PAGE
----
THE WINGED PHARAOH
This book stands out beyond all others, for there is as much wisdom and light in it as in any sacred book of the East or West; yet it is also a human document of one person’s pain and joy, love, sorrow and courage.
Much nonsense has been written about reincarnation but this book by Joan Grant of her life as a Pharaoh in ancient Egypt has such a ring of truth in it from beginning to end that it is impossible to believe that it is not true memory divinely granted.
Those who do not believe in reincarnation should think again. It was the basis of every great religion before the coming of the Jewish faith and is still so for nearly half the people in the world who practise a religion.
Jesus Christ also believed in reincarnation, as is shown by many of His recorded sayings. For example, ‘The sins of the fathers shall be visited upon the children, even unto the third and fourth generation.’ Is it conceivable that so gentle and sweet-natured a man could possibly have meant that an unborn child should suffer because his grandfather had been a brutal rogue? His meaning was that everyone is the father of his next incarnation and in future lives would have to pay for the ill they had done in their present one.
The greatest tragedy that has befallen the world is that the true teachings of Christ were terribly perverted; partly to conform to the Old Testament beliefs of the Hebrews, even more by cruel, ignorant fanatics like Paul, who was brought up as a Pharisee, and many blindly ignorant early Fathers of the Church who believed it their mission to destroy beliefs in all other religions. It was their successors who later caused the suppression for many hundred years of all scientific investigation in the West and the burning at the stake of thousands of people who would not conform to their dogmas – a barbarity that would have utterly horrified Our Lord.
What, too, could be more absurd than their doctrine that on a person’s doings in the span of a single life on Earth they should be judged, and for all eternity enjoy bliss in heaven or suffer amending torment in the fires of hell? Should that apply to children brought up by criminal parents, the half-witted and the people driven desperate by poverty which is no fault of their own?
Surely the only sane belief whereby true justice can be administered is by a succession of lives in which each individual is given the opportunity to make amends for the wrongs he has done to others in previous incarnations, and in each learn to become more tolerant, generous, kindly and compassionate until he achieves a purity of heart equal to that of the great Masters.
All this Joan Grant brings out in her magnificent account of her incarnation as a Pharaoh. The picture she gives of her childhood, with her loving parents and her young brother who later becomes co-ruler with her, is enchanting. What sympathy we feel for her during the five years she spent living a spartan life while training to become a priestess, and the terrifying ordeals that she had to overcome in order that her spirit should become ‘winged’.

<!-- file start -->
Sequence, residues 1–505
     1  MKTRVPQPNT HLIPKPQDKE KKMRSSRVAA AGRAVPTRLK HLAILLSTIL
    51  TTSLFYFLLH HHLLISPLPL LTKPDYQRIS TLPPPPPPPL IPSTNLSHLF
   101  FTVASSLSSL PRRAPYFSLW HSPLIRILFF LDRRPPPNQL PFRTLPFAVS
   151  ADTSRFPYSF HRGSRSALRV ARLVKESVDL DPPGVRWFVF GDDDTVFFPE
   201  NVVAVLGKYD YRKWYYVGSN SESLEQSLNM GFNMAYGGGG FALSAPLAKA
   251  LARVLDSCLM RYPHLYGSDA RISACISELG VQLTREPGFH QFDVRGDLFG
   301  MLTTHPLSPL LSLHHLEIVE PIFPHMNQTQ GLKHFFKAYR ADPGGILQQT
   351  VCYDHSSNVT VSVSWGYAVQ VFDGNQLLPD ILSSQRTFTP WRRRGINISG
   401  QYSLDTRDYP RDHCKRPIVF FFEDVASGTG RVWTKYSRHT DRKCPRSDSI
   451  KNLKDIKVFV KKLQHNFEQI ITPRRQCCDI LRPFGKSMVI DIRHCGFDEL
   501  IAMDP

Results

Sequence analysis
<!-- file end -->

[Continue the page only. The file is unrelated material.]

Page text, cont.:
The book abounds in examples of wise administration of justice. It tells, too, her own weaknesses and temptations to succumb to anger or selfish impulses. There are lion hunts and battles to defend the peaceful Two Lands against barbarian hordes. She and her brother make a Royal visit to Minos, King of Crete; a lovely flowerdecked island where gaiety and pleasure were the only concern of the people.
But ancient Egypt stands out above all other civilizations for, as we know from the papyri in our museums, there were no dark gods worshipped there, no bloody sacrifices, no obscenities are recorded on its many monuments; of all the Gods, Min alone displays his phallus, and does so only because he symbolized reproduction in all nature’s forms. In the delta and valley of the Nile the whole population enjoyed protection, ample food, sexual equality, lives of reasonable comfort and just laws. Cruelty to either man or beast was accounted a crime.
Joan Grant did not write her books. She lay in a trance on a sofa, her spirit away from her body while she spoke slowly of her experiences in the distant past, and what she said was taken down. After I had become her close friend I saw her do this many times.
I shall always count it an honour that I was able, in a small way, to contribute to the promotion of this, her first book. I happened to meet her at a party shortly before The Winged Pharaoh was due to be published and she sent me an advance copy.
For four years before the war I wrote the only signed reviews in a monthly magazine, Current Literature. It was never on public sale but solely for the trade. It listed all new publications and copies were sent to the managers of every sizable bookshop and bookstall in Britain. Naturally, after having read Joan’s book, I gave it the highest possible praise.
But I was able to do more than that. I sent my copy on to that great author and critic, my friend, Howard Spring. The following week he devoted the whole of his two-page spread in the Evening Standard to its splendid message, and ended his review: ‘ . . . worthy to be a handbook of a new order of chivalry.’